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NPR on the Jobs Bank


NPR : Future Uncertain for Auto Workers' Safety Net

I don't mean to focus so much on this Jobs Bank issue. But, this piece is one of the reasons this blog got such a spike in readership last week.

Members of the United Auto Workers union enjoy a one-of-a-kind deal with U.S. car makers: Idled workers do community service or watch videos and play cards — all while earning full pay.

This is why it's a lean issue to me. Toyota talks about having “respect for humanity.” It seems the ultimate disrespect to pay people to do nothing. GM hasn't respected its workers. It's a shame GM management couldn't have found a way to keep people busy, but one long-time GM employee wrote me:

I had experience with some of the first jobs bank people in about 1986. They were there to help us with clerical work, but despite being nice guys who tried to help, this was out of their area of expertise – I don't think most of the group of about 6 employees in the pool helping service even had high school diplomas. They were much better at gopher tasks or even measuring things, although their data collection capabilities were somewhat limited.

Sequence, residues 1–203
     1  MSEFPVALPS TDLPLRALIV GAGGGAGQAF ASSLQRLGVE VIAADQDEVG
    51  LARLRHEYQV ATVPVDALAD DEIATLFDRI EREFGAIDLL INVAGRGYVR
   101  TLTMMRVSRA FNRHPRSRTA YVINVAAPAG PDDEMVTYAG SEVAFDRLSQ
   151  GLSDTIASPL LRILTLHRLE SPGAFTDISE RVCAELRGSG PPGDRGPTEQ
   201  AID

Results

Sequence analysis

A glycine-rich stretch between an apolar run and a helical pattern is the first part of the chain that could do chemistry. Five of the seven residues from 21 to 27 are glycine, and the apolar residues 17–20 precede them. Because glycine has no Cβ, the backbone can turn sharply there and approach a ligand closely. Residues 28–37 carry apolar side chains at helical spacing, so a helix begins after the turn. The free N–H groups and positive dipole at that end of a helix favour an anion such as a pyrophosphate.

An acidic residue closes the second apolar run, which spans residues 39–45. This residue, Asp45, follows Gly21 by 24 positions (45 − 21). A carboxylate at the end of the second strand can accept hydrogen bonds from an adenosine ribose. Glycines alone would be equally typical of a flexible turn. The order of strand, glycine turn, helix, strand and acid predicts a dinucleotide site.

Sad, sad situation, then and now. Again, from NPR:

People have spent 15 years in the program — more time than they've spent actually making cars.

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Mark Graban is an internationally-recognized consultant, author, and speaker who has worked in healthcare, manufacturing, and startups. He is author of the Shingo Award-winning books Lean Hospitals and Healthcare Kaizen, as well as The Executive Guide to Healthcare Kaizen. His most recent book is the anthology Practicing Lean that benefits the Louise H. Batz Patient Safety Foundation, where Mark is a board member. Mark is also the VP of Improvement & Innovation Services for the technology company KaiNexus. He is currently writing his next book, tentatively titled Measures of Success.

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